-Earlier this month, natural gas prices in Europe rose twofold in the space of 10 days, with a single trading day seeing a jump of 27% two weeks ago. On June 15, prices jumped by 30%. A day later, they dropped almost as sharply as they had risen, shedding over 20%.
All this happened before the latest events in Russia that rattled commodity markets. And it will be happening again. Because traders are crowding the natural gas space, eager to make some money like others did last year. Volatility has come back to natural gas markets.
Bloomberg reported this week that the gas trading market in Europe is seeing an influx of traders who do not normally play on that market but were tempted by the record profits gas traders made last year.
At the time, gas prices in Europe soared to record heights after the EU bombarded Russia with sanctions, and Russia responded by decimating flows along the Nord Stream pipeline. Europe rushed to buy liquefied natural gas on the spot market, promptly pushing prices to levels never before seen. Traders made millions.
“Some people thought they could make a lot of money given where prices had been, but there was an exaggeration of what this really meant for the gas market,” Citi’s commodity chief Ed Morse told Bloomberg. “Natural gas markets have proven to be a trap for both experienced and inexperienced traders,” he also said.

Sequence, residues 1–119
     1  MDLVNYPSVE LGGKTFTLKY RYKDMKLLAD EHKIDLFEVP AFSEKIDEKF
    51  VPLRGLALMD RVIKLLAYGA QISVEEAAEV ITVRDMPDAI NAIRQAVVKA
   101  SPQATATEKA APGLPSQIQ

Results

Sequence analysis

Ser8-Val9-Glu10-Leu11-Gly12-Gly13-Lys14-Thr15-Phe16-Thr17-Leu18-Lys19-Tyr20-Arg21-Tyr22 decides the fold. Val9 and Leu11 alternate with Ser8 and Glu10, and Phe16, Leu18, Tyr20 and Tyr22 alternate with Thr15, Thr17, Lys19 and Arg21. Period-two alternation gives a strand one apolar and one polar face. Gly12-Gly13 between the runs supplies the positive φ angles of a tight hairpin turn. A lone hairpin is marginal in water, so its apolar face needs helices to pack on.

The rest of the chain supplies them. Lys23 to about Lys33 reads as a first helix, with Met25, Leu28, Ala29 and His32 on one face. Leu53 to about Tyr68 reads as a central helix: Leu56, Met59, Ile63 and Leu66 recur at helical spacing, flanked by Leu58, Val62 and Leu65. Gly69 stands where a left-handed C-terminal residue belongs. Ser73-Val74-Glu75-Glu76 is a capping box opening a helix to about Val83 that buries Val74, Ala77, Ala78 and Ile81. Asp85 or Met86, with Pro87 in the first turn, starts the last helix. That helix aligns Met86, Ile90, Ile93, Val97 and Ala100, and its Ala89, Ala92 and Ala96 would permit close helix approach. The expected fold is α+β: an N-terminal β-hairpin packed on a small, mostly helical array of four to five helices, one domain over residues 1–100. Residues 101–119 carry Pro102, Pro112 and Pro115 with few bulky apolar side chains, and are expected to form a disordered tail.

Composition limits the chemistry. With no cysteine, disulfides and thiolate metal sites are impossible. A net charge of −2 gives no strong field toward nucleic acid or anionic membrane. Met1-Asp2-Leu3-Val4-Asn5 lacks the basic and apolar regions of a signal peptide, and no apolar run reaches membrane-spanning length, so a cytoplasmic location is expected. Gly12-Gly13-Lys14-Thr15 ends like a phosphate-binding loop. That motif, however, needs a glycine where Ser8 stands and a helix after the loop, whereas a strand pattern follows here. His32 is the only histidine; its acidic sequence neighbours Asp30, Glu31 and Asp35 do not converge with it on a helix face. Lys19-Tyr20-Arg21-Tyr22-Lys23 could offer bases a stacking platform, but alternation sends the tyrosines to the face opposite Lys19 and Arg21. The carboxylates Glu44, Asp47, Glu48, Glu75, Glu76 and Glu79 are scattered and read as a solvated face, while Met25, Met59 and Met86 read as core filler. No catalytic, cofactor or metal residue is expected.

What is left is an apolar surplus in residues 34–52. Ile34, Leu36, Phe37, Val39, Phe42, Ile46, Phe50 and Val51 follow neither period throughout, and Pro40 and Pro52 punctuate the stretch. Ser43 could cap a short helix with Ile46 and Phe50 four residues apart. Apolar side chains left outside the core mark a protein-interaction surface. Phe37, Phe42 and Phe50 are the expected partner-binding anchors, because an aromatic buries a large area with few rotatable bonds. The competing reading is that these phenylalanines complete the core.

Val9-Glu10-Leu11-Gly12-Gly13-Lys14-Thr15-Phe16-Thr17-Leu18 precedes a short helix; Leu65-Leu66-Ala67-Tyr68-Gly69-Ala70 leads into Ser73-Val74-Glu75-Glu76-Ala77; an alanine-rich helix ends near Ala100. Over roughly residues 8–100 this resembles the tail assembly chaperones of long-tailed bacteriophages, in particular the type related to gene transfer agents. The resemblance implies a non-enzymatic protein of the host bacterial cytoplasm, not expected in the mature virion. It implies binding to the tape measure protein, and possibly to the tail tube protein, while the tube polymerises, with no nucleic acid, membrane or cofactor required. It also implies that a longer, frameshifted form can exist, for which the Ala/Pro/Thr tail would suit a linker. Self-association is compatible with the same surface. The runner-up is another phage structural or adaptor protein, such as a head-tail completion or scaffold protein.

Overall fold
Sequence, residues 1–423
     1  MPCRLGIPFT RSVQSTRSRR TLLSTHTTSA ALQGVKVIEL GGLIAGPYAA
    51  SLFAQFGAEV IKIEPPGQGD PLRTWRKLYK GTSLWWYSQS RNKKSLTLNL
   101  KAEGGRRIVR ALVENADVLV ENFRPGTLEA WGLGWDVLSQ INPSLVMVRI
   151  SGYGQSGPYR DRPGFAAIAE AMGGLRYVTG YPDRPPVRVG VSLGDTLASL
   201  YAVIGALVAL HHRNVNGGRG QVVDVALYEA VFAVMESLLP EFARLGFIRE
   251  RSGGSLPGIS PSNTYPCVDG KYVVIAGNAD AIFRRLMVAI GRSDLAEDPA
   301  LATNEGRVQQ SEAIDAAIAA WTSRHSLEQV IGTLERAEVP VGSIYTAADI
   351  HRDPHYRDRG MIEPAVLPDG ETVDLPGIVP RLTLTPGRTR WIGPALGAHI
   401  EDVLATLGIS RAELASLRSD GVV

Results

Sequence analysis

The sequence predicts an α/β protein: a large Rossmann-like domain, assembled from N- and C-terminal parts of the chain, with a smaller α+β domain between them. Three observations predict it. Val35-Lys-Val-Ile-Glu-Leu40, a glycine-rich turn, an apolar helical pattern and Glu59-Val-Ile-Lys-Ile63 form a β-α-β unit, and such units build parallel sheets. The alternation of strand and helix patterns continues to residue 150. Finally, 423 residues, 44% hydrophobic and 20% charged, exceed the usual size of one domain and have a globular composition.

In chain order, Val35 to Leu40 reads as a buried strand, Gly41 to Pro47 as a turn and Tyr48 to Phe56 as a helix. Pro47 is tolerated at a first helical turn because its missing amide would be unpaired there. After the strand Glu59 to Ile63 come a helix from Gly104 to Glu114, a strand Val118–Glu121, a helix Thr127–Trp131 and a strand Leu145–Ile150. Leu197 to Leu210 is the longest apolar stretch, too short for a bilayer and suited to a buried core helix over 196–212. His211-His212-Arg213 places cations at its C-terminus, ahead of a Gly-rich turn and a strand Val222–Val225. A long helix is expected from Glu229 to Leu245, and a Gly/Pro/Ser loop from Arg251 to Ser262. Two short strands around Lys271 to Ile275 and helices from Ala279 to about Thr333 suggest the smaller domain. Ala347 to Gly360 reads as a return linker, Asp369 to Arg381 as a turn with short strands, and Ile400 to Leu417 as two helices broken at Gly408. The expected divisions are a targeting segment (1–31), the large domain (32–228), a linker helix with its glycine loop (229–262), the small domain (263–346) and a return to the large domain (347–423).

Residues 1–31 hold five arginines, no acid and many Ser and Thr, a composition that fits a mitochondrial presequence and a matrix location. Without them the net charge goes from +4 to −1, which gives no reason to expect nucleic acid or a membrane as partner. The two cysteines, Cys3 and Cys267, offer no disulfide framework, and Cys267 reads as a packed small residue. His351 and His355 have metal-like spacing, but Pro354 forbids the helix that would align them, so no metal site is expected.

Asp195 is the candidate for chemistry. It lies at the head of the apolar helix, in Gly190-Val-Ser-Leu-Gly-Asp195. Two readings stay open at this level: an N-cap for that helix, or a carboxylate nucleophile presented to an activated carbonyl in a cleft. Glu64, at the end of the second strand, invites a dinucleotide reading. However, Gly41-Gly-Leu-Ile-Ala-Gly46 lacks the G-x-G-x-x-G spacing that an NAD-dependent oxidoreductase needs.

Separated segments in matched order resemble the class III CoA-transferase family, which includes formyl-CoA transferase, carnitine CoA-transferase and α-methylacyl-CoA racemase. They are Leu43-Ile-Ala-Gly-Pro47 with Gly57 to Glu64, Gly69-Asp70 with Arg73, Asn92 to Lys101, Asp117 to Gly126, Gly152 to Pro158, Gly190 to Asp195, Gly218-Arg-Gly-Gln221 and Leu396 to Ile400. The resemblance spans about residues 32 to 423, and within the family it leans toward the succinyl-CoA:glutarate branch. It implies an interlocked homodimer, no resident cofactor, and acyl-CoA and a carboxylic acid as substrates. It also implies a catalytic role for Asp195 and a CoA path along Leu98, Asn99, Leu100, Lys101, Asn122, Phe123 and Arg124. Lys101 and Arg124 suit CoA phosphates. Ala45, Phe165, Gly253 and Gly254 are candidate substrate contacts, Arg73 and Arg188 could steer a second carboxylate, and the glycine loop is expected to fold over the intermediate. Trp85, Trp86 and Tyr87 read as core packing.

In addition to the trap that is the gas market, there appears to be actual concern among traders about the sufficiency of gas supply for Europe. Norway has been going through some extended outages due to field maintenance, and the Netherlands has reiterated it will close the Groningen gas field. Both of these suggest doubts over the security of supply going forward.
“Reports of Groningen closing down adds to a host of other news that are bullish for gas prices,” ICIS analyst Tom Marzec-Manser told the Financial Times. “But the price swings are an indication that there is still a lot of uncertainty over Europe’s gas outlook, and market participants remain on the edge,March-Manser also said.
The fundamental problem, however, is not the outages in Norway and the shutdown of Groningen. As last year proved, there is plenty of LNG to go around in Europe, for the right price. This year there will be LNG too. But there will not be space in Europe’s gas storage caverns because they are already rather full of gas from last year that was bought at exorbitant prices.
Earlier this month, Reuters’ John Kemp reported that Europe’s gas storage was at 48% above the ten-year seasonal average, noting that additions to this storage were slowing down because of low prices that encouraged more immediate consumption.
Despite the slower rate of additions, Kemp also pointed out, capacity should be full earlier than last year, and this means drawdowns will need to begin earlier than last year. This is when prices may whipsaw again: when both Europe and Asia prepare to enter winter heating season.
This is also why volatility in gas prices remains so high. It’s not because nobody knows if there will be enough gas. It’s because if last year was any indication, there will always be enough gas—for those who can afford it.
There are plenty of speculators eager to grab the opportunity to make a quick buck before Europe finally realizes it might be wise to bet on long-term supply rather than splurging on spot market cargos. And there is always the risk of an unforeseen event or even a foreseen one—such as Ukraine’s warning that it might shut down gas transit from Russia when its contract with Gazprom expires next year.